Hi, C.E. – I'm the co-creator of MONSTER EARTH and one of the authors. I can't tell you how much I appreciate your review. I believe I speak for my partner in this venture, James Palmer, when I say that your insights and critiques have really touched us and in a positive way. That we have created something that drew you in like you say and brought out such deep thought and reverie is truly gratifying. The book was crafted to be thought-provoking as well as a good read…though now I kind of regret that we didn't pour in a little bit more action for kaiju fans like yourself.
I also want you to know that every author in the book expressed to James and myself that the project was more than just another story vehicle for the, but a concept that engaged them to the point that they wanted to infuse it with even more energy and thought than some other books they've been invited to join. That too was gratifying. James and I feel like we hit upon something really special here and yes, we hope it will grow. Help us out by spreading the word about MONSTER EARTH and a second volume – and maybe even comics – will follow. Sales and reaction will tell the tale.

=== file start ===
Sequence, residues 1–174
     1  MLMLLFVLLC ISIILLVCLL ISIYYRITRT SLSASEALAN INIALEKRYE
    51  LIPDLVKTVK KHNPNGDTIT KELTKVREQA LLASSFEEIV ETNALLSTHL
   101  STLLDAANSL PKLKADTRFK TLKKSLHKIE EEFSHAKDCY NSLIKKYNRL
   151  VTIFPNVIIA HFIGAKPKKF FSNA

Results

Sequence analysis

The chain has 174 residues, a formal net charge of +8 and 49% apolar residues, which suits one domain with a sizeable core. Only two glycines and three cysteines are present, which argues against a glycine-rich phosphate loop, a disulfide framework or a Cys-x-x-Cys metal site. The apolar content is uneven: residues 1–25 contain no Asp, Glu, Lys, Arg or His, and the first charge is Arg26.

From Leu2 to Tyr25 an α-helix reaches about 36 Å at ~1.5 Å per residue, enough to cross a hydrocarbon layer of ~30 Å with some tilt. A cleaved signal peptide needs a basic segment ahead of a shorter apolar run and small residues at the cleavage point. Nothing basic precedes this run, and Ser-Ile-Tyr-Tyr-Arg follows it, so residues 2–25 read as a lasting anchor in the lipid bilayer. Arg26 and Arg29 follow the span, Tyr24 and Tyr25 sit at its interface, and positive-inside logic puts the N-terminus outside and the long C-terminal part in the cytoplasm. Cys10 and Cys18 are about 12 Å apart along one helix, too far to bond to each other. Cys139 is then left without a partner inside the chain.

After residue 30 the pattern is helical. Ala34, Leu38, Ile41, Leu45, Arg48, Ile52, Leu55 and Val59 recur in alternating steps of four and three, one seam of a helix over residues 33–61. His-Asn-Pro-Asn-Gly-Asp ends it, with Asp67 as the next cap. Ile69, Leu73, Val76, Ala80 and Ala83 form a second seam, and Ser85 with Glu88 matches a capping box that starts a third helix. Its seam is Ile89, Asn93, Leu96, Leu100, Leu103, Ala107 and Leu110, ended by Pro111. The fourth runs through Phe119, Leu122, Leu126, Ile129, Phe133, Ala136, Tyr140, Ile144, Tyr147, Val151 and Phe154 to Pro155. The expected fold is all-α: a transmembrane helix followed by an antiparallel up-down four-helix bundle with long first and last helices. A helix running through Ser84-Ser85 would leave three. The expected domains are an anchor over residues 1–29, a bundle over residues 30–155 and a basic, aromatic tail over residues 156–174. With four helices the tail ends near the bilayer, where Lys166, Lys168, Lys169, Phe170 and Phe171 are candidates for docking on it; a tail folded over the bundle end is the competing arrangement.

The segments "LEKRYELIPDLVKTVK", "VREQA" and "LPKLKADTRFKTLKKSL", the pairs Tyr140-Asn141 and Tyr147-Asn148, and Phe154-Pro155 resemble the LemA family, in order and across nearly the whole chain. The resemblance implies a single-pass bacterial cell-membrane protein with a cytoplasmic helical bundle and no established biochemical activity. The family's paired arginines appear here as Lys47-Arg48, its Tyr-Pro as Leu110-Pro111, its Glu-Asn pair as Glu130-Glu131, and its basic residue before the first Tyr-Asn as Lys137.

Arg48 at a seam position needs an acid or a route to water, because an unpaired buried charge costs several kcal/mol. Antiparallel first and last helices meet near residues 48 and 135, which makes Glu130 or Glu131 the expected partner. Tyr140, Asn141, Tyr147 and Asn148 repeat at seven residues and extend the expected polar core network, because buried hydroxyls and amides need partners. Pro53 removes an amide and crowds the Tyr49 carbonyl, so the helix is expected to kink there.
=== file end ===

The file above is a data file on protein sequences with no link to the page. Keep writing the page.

Oh, also; you might find this funny. I wrote the first tale, "The Parade of Moments," and I'm like you – I dislike first-person stories. But what I've discovered is what I like or not like as a reader isn't necessarily what I dig or don't dig as a WRITER. That story, I think, demanded that point of view and, I think, it worked.